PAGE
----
Protein phosphatase 2A is a negative regulator of IL-2 production in patients with systemic lupus erythematosus


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Abstract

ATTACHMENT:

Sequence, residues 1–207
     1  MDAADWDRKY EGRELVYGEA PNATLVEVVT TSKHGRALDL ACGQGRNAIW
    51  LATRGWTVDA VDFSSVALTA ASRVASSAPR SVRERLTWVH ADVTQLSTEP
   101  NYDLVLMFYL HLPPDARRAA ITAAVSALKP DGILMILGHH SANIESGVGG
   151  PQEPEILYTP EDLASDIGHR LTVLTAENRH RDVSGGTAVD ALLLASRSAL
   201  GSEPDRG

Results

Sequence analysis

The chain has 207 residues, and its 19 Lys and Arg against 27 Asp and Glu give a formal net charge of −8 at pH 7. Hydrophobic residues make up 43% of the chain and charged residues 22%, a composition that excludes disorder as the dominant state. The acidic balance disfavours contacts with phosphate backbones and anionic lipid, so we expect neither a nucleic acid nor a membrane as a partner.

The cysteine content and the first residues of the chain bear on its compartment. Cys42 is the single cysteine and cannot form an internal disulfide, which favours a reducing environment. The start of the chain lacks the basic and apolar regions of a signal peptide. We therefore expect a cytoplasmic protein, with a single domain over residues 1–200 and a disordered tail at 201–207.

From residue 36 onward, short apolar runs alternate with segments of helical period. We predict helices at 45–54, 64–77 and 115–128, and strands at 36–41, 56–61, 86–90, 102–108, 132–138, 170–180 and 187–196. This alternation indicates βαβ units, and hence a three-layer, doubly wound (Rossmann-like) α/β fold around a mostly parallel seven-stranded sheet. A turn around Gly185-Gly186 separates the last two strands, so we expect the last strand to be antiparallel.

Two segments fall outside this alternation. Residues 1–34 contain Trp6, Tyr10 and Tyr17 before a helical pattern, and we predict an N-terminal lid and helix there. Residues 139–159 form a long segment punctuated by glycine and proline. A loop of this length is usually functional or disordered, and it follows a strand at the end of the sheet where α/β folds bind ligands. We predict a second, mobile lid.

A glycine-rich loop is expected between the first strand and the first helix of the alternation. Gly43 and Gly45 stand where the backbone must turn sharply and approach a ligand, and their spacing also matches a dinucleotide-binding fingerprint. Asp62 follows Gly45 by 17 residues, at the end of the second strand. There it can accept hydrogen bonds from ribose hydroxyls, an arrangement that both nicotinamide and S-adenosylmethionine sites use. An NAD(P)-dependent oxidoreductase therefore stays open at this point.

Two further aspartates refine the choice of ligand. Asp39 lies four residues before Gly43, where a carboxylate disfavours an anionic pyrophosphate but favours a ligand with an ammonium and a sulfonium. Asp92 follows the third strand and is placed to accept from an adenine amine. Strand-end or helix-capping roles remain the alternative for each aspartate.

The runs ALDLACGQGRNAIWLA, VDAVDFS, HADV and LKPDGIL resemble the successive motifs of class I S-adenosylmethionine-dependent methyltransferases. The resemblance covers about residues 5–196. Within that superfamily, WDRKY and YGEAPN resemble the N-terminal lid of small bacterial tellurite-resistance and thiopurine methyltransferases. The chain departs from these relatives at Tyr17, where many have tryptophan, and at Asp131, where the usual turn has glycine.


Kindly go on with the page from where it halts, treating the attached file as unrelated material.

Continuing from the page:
Decreased IL-2 production in systemic lupus erythematosus (SLE) represents a central component of the disease immunopathology. We report that the message, protein, and enzymatic activity of the catalytic subunit of protein phosphatase 2A (PP2Ac), but not PP1, are increased in patients with SLE regardless of disease activity and treatment and in a disease-specific manner. Treatment of SLE T cells with PP2Ac-siRNA decreased the protein levels and activity of PP2Ac in a specific manner and increased the levels of phosphorylated cAMP response element–binding protein and its binding to the IL2 and c-fos promoters, as well as increased activator protein 1 activity, causing normalization of IL-2 production. Our data document increased activity of PP2A as a novel SLE disease-specific abnormality and define a distinct mechanism whereby it represses IL-2 production. We propose the use of PP2Ac-siRNA as a novel tool to correct T cell IL-2 production in SLE patients.

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